Comparison with other Nordic MCUs
I briefly described families offered by Nordic at the beginning of this chapter. There are three families which is possible to compare. I will describe differences between models within nRF52 family and then I compare with lower nRF51 family and with more advanced nRF53. Later, I will describe possibility to migrate within nRF52 family and across subfamilies.
Comparison with other nRF52 MCUs
nRF52 family has 7 microcontrollers. Roadtested nRF52840 is most advanced of them. All microcontrollers in this family has same Cortex-M4 core clocked at same frequency of 64 MHz. They differ in memories capacity, supported advanced connectivity features and number of available peripherals. nRF52840 is only MCU with ARM CryptoCell in this family. It is also only MCU with QSPI bus driver. It has the most serial bus drivers for I2C, SPI and UART. The single limitation of this device is it does not support BLE direction finding. There are three other models in nRF52 family which supports BLE direction finding but they does not support some other feature like USB, or already mentioned ARM CryptoCell. If you want BLE direction finding and CryptoCell at once, you must go to higher nRF53 family.
Comparison with other Nordic MCUs
If you think nRF52 is overkill for you, you can go one family lower to nRF51. There are only three models and all of them are very basic. All three models have same Cortex-M0 core clocked at maximum frequency of only 16 MHz. All of them supports BLE and proprietary 2.4 GHz protocols. One model also supports ANT wireless protocol. These MCUs have very limited number of peripherals. Otherwise concepts like EasyDMA are also used in these MCUs.
nRF53 family contains currently only single model nRF5340. nRF5340 has two newer Cortex-M33 cores. One of them is clocked at 128 MHz and secondary core is clocked at 64 MHz. nRF540 is very similar to nRF52840 but brings you more peripherals, more memory, more CPU cores, more advanced ARM CryptoCell (CryptoCell 312 in comparison with 310 used in nRF52840. It also supports AES-192 and AES-256. In comparison, CryptoCell 310 supports only AES-128) and TrustZone security feature which is benefit of newer Arm cores. In section about ARM CryptoCell 310 I mentioned that nRF52840 has no secure storage for storing private keys (I also mentioned why is this storage important). nRF53840 has this storage and secure storage design looks very well. Except storing one-time programmable keys, it also supports revoking these keys. Private keys from this unit can be securely fed to CryptoCell and cannot be retrieved from CPU. This is main purpose of this key storage and it is fine that some vendors including Nordic support this. Second purpose of this secure storage offered by nRF5340 is support for something like secure boot.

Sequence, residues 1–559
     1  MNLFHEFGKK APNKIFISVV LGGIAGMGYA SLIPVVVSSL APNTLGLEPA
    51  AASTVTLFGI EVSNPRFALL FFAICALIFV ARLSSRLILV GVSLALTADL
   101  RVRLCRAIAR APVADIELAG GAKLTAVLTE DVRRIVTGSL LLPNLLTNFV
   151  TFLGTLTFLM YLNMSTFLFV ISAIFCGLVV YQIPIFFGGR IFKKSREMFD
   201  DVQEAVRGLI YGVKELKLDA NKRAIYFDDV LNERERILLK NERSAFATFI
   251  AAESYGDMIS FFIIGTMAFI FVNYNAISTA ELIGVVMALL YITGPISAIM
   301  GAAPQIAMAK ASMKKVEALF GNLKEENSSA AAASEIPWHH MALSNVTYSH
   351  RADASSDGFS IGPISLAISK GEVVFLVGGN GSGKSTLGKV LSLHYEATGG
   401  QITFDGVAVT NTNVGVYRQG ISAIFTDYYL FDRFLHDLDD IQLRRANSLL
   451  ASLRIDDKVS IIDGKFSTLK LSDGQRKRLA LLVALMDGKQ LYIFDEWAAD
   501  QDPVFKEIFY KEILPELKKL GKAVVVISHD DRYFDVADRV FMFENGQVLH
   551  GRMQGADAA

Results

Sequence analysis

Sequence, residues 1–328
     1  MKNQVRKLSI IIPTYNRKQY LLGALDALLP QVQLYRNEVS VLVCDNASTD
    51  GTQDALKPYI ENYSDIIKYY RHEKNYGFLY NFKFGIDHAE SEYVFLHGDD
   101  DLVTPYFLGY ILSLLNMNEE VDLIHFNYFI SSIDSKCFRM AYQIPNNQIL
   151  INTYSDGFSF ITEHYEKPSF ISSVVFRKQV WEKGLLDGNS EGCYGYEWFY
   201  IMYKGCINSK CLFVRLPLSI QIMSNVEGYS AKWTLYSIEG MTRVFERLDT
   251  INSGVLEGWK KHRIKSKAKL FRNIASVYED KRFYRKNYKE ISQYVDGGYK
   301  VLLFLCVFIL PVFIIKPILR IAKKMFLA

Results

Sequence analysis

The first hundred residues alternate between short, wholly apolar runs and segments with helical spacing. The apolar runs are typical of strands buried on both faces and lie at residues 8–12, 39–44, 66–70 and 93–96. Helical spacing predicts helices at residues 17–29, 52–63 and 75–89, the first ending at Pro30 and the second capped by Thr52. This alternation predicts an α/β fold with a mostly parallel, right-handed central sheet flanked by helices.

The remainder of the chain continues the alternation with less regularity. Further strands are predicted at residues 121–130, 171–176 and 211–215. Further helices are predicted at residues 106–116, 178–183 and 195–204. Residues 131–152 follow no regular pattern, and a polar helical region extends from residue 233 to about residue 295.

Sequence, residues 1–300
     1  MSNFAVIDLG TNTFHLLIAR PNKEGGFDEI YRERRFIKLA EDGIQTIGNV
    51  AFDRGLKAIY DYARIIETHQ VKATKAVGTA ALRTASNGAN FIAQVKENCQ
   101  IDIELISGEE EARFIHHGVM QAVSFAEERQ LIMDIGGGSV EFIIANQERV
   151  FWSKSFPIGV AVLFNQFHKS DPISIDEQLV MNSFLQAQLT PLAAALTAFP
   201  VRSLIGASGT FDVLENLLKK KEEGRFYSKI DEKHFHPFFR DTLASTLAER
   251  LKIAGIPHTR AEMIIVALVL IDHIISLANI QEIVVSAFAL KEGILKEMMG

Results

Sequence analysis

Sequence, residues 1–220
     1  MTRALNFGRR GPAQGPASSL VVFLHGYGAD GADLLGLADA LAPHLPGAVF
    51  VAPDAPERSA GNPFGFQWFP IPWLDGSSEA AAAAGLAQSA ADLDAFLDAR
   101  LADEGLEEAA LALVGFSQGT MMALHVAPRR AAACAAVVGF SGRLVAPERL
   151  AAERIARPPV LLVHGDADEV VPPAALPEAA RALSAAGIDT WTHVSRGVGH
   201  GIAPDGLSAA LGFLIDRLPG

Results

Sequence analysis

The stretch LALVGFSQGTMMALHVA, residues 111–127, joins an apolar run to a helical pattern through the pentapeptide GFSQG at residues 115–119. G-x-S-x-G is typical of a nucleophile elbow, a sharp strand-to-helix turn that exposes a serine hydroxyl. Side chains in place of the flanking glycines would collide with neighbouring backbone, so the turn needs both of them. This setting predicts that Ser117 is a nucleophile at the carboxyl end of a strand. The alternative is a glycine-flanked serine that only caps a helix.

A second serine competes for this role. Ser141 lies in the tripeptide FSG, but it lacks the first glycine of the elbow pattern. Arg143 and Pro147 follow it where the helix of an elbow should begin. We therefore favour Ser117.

In fact, when you are designing with Nordic platform, I recommend starting with nRF53 instead of nRF52 or nRF51 unless you do some very basic application. Use this lower families only in case you really know that you do not need newer features brought by nRF53. Note that many real-time applications when you need some interrupt with highest priority you cannot develop on nRF52 or nRF51 because they are only single core and interrupt with highest priority is reserved for wireless stacks which makes your application less predictive. In case of nRF53 this is resolved naturally because it is dual core MCU and wireless stack runs on only one core while second core is completely free for your (real-time) application.
Migration between Nordic MCUs